Fewer than 5% of all ovarian tumors are germ cell in origin. They include teratoma, dysgerminoma, endodermal sinus tumor, and embryonal carcinoma. Germ cell tumors of the ovary generally occur in younger women (75% of ovarian malignancies in women <30), display an unusually aggressive natural history, and are commonly cured with less extensive nonsterilizing surgery and chemotherapy. Women cured of these malignancies are able to conceive and have normal children.
These neoplasms can be divided into three major groups: (1) benign tumors (usually dermoid cysts); (2) malignant tumors that arise from dermoid cysts; and (3) primitive malignant germ cell tumors including dysgerminoma, yolk sac tumors, immature teratomas, embryonal carcinomas, and choriocarcinoma.
Dermoid cysts are teratomatous cysts usually lined by epidermis and skin appendages. They often contain hair, and calcified bone or teeth can sometimes be seen on conventional pelvic x-ray. They are almost always curable by surgical resection. Approximately 1% of these tumors have malignant elements, usually squamous cell carcinoma.
Malignant germ cell tumors are usually large (median - 16 cm). Bilateral disease is rare except in dysgerminoma (10 to 15% bilaterality). Abdominal or pelvic pain in young women is the usual presenting symptom. Serum human chorionic gonadotropin (β-hCG) and α fetoprotein levels are useful in the diagnosis and management of these patients. Before the advent of chemotherapy, extensive surgery was routine, but it has now been replaced by careful evaluation of extent of spread followed by resection of bulky disease and preservation of one ovary, uterus, and cervix, if feasible. This allows many affected women to preserve fertility. After surgical staging, 60 to 75% of women have stage I disease and 25 to 30% have stage III disease. Stages II and IV are infrequent.
Most of the malignant germ cell tumors are managed with chemotherapy after surgery. Regimens used in testicular cancer such as PVB (cisplatin, vinblastine, bleomycin) and BEP (bleomycin, 30 units IV weekly; etoposide, 100 mg/m2 days 1 to 5; and cisplatin, 20 mg/m2 days 1 to 5), with three or four courses given at 21-day intervals, have produced 95% long-term survival in patients with stages I to III disease. This regimen is the treatment of choice for all malignant germ cell tumors except grade I, stage I immature teratoma, where surgery alone is adequate, and perhaps early-stage dysgerminoma, where surgery and radiation therapy are used.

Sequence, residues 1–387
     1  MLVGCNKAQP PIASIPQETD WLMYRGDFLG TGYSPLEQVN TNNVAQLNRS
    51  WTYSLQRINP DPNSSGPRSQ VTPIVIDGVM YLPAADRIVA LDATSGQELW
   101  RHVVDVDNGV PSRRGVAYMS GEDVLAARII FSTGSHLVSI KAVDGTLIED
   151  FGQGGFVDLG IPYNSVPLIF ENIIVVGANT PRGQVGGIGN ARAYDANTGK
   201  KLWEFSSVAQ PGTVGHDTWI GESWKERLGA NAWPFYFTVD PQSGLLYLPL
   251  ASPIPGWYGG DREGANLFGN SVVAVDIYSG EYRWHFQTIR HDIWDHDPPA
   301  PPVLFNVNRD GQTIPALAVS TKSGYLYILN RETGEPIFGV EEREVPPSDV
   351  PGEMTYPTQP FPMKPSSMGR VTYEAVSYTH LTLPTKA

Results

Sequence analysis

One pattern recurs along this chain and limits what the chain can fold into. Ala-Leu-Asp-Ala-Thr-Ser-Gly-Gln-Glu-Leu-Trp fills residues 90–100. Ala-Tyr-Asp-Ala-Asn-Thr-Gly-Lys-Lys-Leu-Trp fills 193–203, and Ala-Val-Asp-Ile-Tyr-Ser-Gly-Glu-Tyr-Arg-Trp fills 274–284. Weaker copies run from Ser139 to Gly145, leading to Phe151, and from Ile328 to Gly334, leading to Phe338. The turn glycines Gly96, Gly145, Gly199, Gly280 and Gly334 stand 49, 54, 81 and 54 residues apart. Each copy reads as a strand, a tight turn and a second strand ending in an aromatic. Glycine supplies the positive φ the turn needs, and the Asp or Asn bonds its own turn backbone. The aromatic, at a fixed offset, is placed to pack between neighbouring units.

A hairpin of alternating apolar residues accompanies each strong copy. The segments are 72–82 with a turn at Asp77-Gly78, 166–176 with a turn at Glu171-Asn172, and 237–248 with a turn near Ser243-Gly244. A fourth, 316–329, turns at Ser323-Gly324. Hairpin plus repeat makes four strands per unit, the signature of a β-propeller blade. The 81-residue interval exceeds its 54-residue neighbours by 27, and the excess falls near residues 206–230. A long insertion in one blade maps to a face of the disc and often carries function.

Dysgerminoma is the ovarian counterpart of testicular seminoma. The tumor is very sensitive to radiation therapy. The 5-year disease-free survival is 100% in early-stage patients and 61% in stage III disease. Unfortunately, the use of radiation therapy makes many patients infertile. BEP chemotherapy is equally or more effective and does not cause infertility. In incompletely resected patients with dysgerminoma, the 2-year disease-free survival is 95% and infertility is not observed. Combination chemotherapy (BEP) has replaced postoperative radiation therapy as the treatment of choice in women with ovarian dysgerminoma.
Ovarian Stromal Tumors
Stromal tumors make up <10% of ovarian tumors. They are named for the stromal tissue involved: granulosa, theca, Sertoli, Leydig, and collagen-producing stromal cells. The granulosa and theca cell stromal cell tumors occur most frequently in the first three decades of life. Granulosa cell tumors frequently produce estrogen and cause menstrual abnormalities, bleeding, and precocious puberty. Endometrial carcinoma can be seen in 5% of these women, perhaps related to the persistent hyperestrogenism. Sertoli and Leydig cell tumors, when functional, produce androgens with resultant virilization or hirsutism. Some 75% of these stromal cell tumors present in stage I and can be cured with total abdominal hysterectomy and bilateral salpingo-oophorectomy. Stromal tumors generally grow slowly, and recurrences can occur 5 to 10 years after initial surgery. Neither radiation therapy nor chemotherapy have been documented to be consistently effective, and surgical management remains the primary treatment.
Revision date: July 7, 2011
Last revised: by Janet A. Staessen, MD, PhD